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City left its mark

Saturday, 15th October, 2011

ALLIANCE: Rio Tinto Mayor Rosa Caballero with Antonio Nava Tirado’s work at the BH Sculpture Symposium. ALLIANCE: Rio Tinto Mayor Rosa Caballero with Antonio Nava Tirado’s work at the BH Sculpture Symposium.

By John Casey

 Broken Hill’s nationally acclaimed Sculpture Symposium will be used as a model for a similar tourist attraction to be established in Spain.

The project will be part of the rapidly expanding cultural alliance being developed between BH and Spanish mining town Rio Tinto.

Rio Tinto Mayor, Ms Rosa Caballero, toured the Living Desert site and sculptures during her maiden visit to BH which she said had been “an overwhelming success”. 

“This alliance is a great opportunity for both cities to learn from one another and I am here to learn all that I can,” an ebullient Mayor Caballero said.

“Broken Hill is a very proud city and the people here obviously love their home and know how to take care of it.

“There are many similarities between our cities because of the mining heritage and what has been achieved here economically, in tourism, as well as many other areas, is something we must aspire to,” Ms Caballero continued.

Presiding over a town of around 4500 with an unemployment rate near 50 per cent represents quite a challenge for the 36-year-old former school teacher who is also confronted with a Spanish political system in turmoil.

But having been diagnosed with cancer three years ago - which inspired her to take on civic duties to improve her home town - Ms Caballero obviously has strong character to draw on.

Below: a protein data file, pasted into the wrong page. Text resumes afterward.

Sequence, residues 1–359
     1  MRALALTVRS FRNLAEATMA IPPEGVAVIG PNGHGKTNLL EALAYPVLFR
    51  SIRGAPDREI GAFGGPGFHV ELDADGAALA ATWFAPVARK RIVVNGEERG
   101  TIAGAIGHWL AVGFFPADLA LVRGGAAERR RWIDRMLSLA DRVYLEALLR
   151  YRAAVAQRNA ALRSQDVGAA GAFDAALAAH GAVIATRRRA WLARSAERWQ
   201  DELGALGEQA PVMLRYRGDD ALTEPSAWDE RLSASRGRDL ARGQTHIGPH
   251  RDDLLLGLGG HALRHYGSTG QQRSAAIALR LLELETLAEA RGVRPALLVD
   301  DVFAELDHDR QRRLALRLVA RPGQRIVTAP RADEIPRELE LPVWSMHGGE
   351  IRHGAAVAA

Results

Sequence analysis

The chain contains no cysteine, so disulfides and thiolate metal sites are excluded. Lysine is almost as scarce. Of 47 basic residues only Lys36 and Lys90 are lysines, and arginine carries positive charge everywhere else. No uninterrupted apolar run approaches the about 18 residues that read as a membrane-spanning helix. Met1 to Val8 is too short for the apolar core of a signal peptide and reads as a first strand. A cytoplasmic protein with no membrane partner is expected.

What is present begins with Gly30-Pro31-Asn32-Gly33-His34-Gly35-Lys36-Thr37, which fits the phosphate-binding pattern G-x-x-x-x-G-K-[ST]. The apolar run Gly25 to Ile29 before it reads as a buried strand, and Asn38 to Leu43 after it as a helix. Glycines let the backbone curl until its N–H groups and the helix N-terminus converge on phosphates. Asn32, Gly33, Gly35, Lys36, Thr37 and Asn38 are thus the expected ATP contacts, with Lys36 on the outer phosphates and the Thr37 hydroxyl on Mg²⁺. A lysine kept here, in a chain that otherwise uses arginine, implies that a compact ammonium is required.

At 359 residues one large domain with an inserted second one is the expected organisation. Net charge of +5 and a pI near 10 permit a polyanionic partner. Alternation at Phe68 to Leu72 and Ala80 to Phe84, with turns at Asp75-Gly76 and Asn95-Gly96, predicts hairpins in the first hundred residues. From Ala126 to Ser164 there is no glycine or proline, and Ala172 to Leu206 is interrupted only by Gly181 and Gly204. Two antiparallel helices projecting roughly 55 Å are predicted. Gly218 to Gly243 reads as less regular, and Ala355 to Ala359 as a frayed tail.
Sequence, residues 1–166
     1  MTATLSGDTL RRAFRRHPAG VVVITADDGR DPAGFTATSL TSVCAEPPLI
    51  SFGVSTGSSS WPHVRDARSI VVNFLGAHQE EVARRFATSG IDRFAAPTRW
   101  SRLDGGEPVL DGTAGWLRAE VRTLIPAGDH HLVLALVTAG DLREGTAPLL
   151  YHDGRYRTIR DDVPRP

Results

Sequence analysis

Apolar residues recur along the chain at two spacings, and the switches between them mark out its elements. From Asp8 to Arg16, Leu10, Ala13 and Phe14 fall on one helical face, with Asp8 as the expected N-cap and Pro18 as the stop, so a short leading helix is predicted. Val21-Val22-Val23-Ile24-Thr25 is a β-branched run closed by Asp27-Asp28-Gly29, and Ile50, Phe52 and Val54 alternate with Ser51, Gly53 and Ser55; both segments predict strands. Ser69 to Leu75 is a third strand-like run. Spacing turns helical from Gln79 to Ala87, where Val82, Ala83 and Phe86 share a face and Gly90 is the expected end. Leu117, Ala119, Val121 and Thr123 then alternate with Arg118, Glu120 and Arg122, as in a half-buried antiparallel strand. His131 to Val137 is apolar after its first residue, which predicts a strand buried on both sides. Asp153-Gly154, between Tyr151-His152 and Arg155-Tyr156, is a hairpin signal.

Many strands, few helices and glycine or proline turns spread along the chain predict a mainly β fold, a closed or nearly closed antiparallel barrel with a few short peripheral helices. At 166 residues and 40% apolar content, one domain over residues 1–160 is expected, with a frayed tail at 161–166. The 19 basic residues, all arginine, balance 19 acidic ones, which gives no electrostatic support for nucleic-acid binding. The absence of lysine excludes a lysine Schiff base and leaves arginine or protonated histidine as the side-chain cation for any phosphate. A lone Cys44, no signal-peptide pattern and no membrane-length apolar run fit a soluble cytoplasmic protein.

After being elected as Mayor in May, Ms Caballero has lost seven of her fellow councillors because they are aligned with an opposition party.

“It is very frustrating and disappointing for me because my interests are focused directly on Rio Tinto and what needs to be done for the town - not the politics involved,” Ms Caballero said.

“I have found the people of Broken Hill very friendly and willing to lend a hand to us while we are suffering which fills my heart with joy.

“I would like to build a strong bond with this cultural alliance and this visit will provide me with an insight that will allow me to go back and educate the people of Rio Tinto about Broken Hill,” Ms Caballero added.

BH has clearly left its mark on the Mayor who spoke from the heart at this week’s Civic Reception held in her honour.

“When I left Spain for this visit I cried because my soul is in Rio Tinto,” she told the gathering.

“But when I get home I will cry again because of the experiences I have enjoyed here.

“BH Mayor Wincen Cuy paid tribute to his counterpart and Rio Tinto council employees who he said would sometimes forgo their wages because the city could not pay its bills for electricity or telephones.

“That shows the commitment these people have for the city and provides incentive for us to help make Rio Tinto a better place,” Clr Cuy said.

 

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